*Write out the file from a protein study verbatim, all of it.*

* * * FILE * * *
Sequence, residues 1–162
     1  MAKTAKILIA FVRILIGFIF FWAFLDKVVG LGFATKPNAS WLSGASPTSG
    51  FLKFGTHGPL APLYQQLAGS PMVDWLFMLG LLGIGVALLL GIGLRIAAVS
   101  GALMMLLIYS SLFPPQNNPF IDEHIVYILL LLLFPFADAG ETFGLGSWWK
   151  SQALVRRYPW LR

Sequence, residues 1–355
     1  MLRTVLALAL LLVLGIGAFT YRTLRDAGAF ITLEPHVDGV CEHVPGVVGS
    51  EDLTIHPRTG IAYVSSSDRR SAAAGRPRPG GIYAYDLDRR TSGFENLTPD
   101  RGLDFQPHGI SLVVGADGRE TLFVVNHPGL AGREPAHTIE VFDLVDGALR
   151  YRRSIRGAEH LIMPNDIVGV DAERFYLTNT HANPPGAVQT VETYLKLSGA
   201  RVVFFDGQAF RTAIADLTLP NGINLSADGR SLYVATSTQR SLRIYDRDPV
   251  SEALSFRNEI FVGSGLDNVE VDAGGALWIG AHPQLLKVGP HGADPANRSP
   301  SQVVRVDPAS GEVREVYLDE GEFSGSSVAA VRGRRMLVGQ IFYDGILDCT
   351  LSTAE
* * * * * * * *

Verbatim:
Sequence, residues 1–162
     1  MAKTAKILIA FVRILIGFIF FWAFLDKVVG LGFATKPNAS WLSGASPTSG
    51  FLKFGTHGPL APLYQQLAGS PMVDWLFMLG LLGIGVALLL GIGLRIAAVS
   101  GALMMLLIYS SLFPPQNNPF IDEHIVYILL LLLFPFADAG ETFGLGSWWK
   151  SQALVRRYPW LR

Sequence, residues 1–355
     1  MLRTVLALAL LLVLGIGAFT YRTLRDAGAF ITLEPHVDGV CEHVPGVVGS
    51  EDLTIHPRTG IAYVSSSDRR SAAAGRPRPG GIYAYDLDRR TSGFENLTPD
   101  RGLDFQPHGI SLVVGADGRE TLFVVNHPGL AGREPAHTIE VFDLVDGALR
   151  YRRSIRGAEH LIMPNDIVGV DAERFYLTNT HANPPGAVQT VETYLKLSGA
   201  RVVFFDGQAF RTAIADLTLP NGINLSADGR SLYVATSTQR SLRIYDRDPV
   251  SEALSFRNEI FVGSGLDNVE VDAGGALWIG AHPQLLKVGP HGADPANRSP
   301  SQVVRVDPAS GEVREVYLDE GEFSGSSVAA VRGRRMLVGQ IFYDGILDCT
   351  LSTAE